The wholesale electricity market is picking up speed through the introduction of standardized intra-hour transmission scheduling among a broad group of western utilities.
Power producers and others will now have the option of buying, selling and transmitting energy across multiple transmission systems on a half-hour basis instead of an hourly basis. The shorter timeframe provides more market flexibility to respond to unexpected changes in power generation and demand and make more effective use of available transmission lines to deliver energy.
The shift to standardized intra-hour scheduling is a cooperative effort of the Joint Initiative, which is supported by three sub-regional transmission groups in the Western Interconnection: Northern Tier Transmission Group, ColumbiaGrid and WestConnect. Participating utilities include Avista, Bonneville Power Administration, Chelan County Public Utility District, Grant County Public Utility District, Idaho Power Company, NorthWestern Energy, PacifiCorp, Puget Sound Energy, Portland General Electric, Salt River Project, Seattle City Light, Southwest Transmission Cooperative, Tacoma Power, Xcel Energy/Public Service Company of Colorado and Western Area Power Administration. Additional utilities will also offer intra-hour scheduling following necessary approvals.
“This is one of the most significant changes in the West’s wholesale electricity market in many years,” said Brian Silverstein, senior vice president of transmission services at BPA. “It’s the result of strong regional collaboration to make wholesale energy markets more flexible and responsive to the changing needs of the power system.”
The introduction of intra-hour scheduling comes amid heightened efforts to balance the variable output of the region’s growing fleet of wind energy projects. By the end of 2011, the Pacific Northwest will have more than 6,000 megawatts of installed wind generation, and participating utilities in the Desert Southwest and Rocky Mountain regions anticipate about 2,600 megawatts of wind generation and 150 megawatts of solar generation. Intra-hour scheduling and other potential balancing solutions will help maintain reliability as wind and solar generation varies and keep costs to consumers as low as possible.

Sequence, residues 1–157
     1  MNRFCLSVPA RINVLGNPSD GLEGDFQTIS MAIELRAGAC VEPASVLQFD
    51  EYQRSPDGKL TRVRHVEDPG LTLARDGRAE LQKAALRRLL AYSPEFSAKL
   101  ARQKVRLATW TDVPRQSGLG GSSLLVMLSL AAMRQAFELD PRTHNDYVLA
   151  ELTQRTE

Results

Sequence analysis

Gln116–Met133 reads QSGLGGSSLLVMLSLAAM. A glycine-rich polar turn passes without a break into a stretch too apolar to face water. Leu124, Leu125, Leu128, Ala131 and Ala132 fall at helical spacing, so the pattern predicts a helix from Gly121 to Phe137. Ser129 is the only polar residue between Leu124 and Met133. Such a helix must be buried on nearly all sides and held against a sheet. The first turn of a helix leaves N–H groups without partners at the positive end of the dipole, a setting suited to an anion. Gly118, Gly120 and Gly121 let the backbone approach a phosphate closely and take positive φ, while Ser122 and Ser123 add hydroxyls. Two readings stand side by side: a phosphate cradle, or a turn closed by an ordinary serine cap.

“Intra-hour transmission scheduling will help the industry be more responsive to unanticipated changes in generation or load,” said Doug Butler, vice president for systems operations at PacifiCorp, a major western power generator and transmission line owner/operator. “Being able to fine-tune the transmission system in this way will provide better reliability and a more efficient use of the transmission network. In the end, that benefits our customers.”
Power producers could benefit by finding buyers for additional power available over shorter periods, such as when unexpected surges in wind generate extra electricity, or to draw on more widespread energy resources to fill gaps when generation declines.
The Joint Initiative parties are also developing a web-based Intra-Hour Transaction Accelerator Platform to help parties identify opportunities for intra-hour transactions, assess available transmission and efficiently complete the transactions. The platform, called webExchange, will be operational this fall and is currently available for subscription from Open Access Technology International Inc.